Copyright 2001 Linda Marcas - All Rights Reserved
Crank's Corner: Commentary by Linda Marcas
Right next to Federal 23, about half-way between Delaware and Marion, that's where Waldo is.
Not the bespectacled wandering geek in the striped pullover, but the wide spot in the road, the Ohio hamlet,
the bitsy burg we drove through on a whim last Wednesday. A few bars, a couple pizza joints, gas stations,
a church, and an elementary school; maybe we should have stopped somewhere and asked if they had any
bumperstickers, but the residents of Waldo might think that the popular alliterative location query is an old
joke by now, so we didn't risk it. Maybe another day.
We had driven a friend to the Columbus airport to catch a one-thirty flight; it was a beautiful day,
but we knew that even if we hurried home, we wouldn't get much done, so we decided to mosey
investigating whatever caught our fancy. Twenty years ago, I used to drive to Columbus at least once a
month to visit a friend who lived there; she moved to Dayton, and I hadn't been down 23 in years.
A lot changed while I was looking the other way; the urban sprawl of Greater Columbus stretched
shopping centers and business complexes into areas I remembered as having been mostly woods and fields.
Fast food franchises and home improvement warehouses I can almost understand, because I eat burgers
buy drywall now and then; what I can't seem to grasp is how any area, no matter how densely populated,
support a Meijer's, Wal-Mart, Marshall's, Kohl's, Michael's, Dollar Tree, and dozens and dozens of other
stores, all inside a one-mile radius. Who buys all that stuff?
Don't mind me; I tend to get all wound up about things like huge, empty, obviously-used-to-be-a-
Lowe's hulks a half mile down the road from newly built Mega-Lowe Marts, and frequently feel that
planning commissions should have their heads examined. I was happier to see that some of the landmarks I
remember from years ago are still alive and well on Route 23, doing business as usual.
North of Delaware, but south of Waldo (I think), Mom Wilson's Pork Sausage lines the roadsides
with rhyming signs, urging travellers to stop and shop. I'm old enough to remember Burma Shave signs,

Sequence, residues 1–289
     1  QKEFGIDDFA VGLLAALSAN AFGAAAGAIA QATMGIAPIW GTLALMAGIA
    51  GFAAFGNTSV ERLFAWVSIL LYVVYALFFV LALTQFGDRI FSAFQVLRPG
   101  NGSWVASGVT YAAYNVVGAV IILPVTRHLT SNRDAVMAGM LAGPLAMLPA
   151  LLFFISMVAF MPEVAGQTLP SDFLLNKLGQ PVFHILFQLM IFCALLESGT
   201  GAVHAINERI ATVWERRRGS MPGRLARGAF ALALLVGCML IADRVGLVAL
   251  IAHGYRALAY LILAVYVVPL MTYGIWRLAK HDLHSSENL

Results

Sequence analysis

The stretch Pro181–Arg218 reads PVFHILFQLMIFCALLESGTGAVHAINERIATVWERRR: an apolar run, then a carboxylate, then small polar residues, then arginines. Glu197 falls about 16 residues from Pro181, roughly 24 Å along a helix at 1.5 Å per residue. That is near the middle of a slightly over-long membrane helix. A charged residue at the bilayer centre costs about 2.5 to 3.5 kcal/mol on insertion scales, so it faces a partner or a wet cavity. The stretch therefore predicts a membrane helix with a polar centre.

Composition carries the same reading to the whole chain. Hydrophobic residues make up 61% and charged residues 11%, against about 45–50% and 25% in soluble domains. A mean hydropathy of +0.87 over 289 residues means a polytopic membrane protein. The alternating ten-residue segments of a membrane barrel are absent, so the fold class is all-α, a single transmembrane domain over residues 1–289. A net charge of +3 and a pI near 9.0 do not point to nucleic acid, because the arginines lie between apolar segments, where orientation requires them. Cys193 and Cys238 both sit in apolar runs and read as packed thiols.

those ads for shaving cream that broke up the monotony of Sunday drive torture rides with something for
me to look at besides cows and windmills and the back of my parents' heads. Because of their signs, I'd
always meant to stop at Mom Wilson's, but had never done so before last Wednesday. They had opened
the season two days before, so this was my perfect chance to see them at their best.
It's a good thing that we'd just had lunch, or we'd have driven home with a back seat full of meat,
instead of just a large bag. The whole, hickory smoked hams tempted me terribly, but I restrained myself
and got a couple nice hocks for soup instead. Tonight we'll grill the hot Italian brats; the house still smells
like yesterday's breakfast bacon (or a campfire). I've never had bacon with more meat than fat on it before!
North of Marion, we tried to stop at a place that sells antiques and cast-concrete yard decorations;
we'd been there a couple years ago, and they had cool stuff and reasonable prices. They looked open on
way to the airport, but, by the time we came back, there was a sign in the driveway that said, "STOP! if this
sign is up, stay in your car! Guard dogs on duty!," so we gave it a miss and rolled on up the road. Maybe
we should have honked the horn; it was only 4:00 PM, and the sign didn't actually say "closed." But, you
know what they say about sleeping dogs.........
A little further north, we turned off 23 to investigate the charms of Harpster, a little town on SR
294. We found a nice antique mall there, located in the former general store building (across from the fire
department, with a board porch and benches.....all it needed was a couple of codgers playing checkers!) I
always have better luck shopping in second-hand stores than in 'new' department stores, because I find
things that I didn't know I needed until I saw them. In this case, I found a pair of chrome hand-towel-and-
washcloth rings, with starburst-shaped escutcheons, that will be perfect in the guest bathroom. They were
only $3; how could I resist?
If we'd kept going west on SR 294, we would have connected with SR 37, which would have taken
us to Findlay, Old 25, and home. But, we didn't have a map, so we wandered up SR 67 through Upper
Sandusky (pretty; bears further investigation...), back to 23 through Carey and Fostoria to 18, and back to
NB before sunset. It had taken us two hours to drive to the airport, but it took us six to drive back; our
friend was probably at home in California before we got home ourselves. But we had a nice drive on a
beautiful fall day, and now I can definitively answer the question, "Where's Waldo?"
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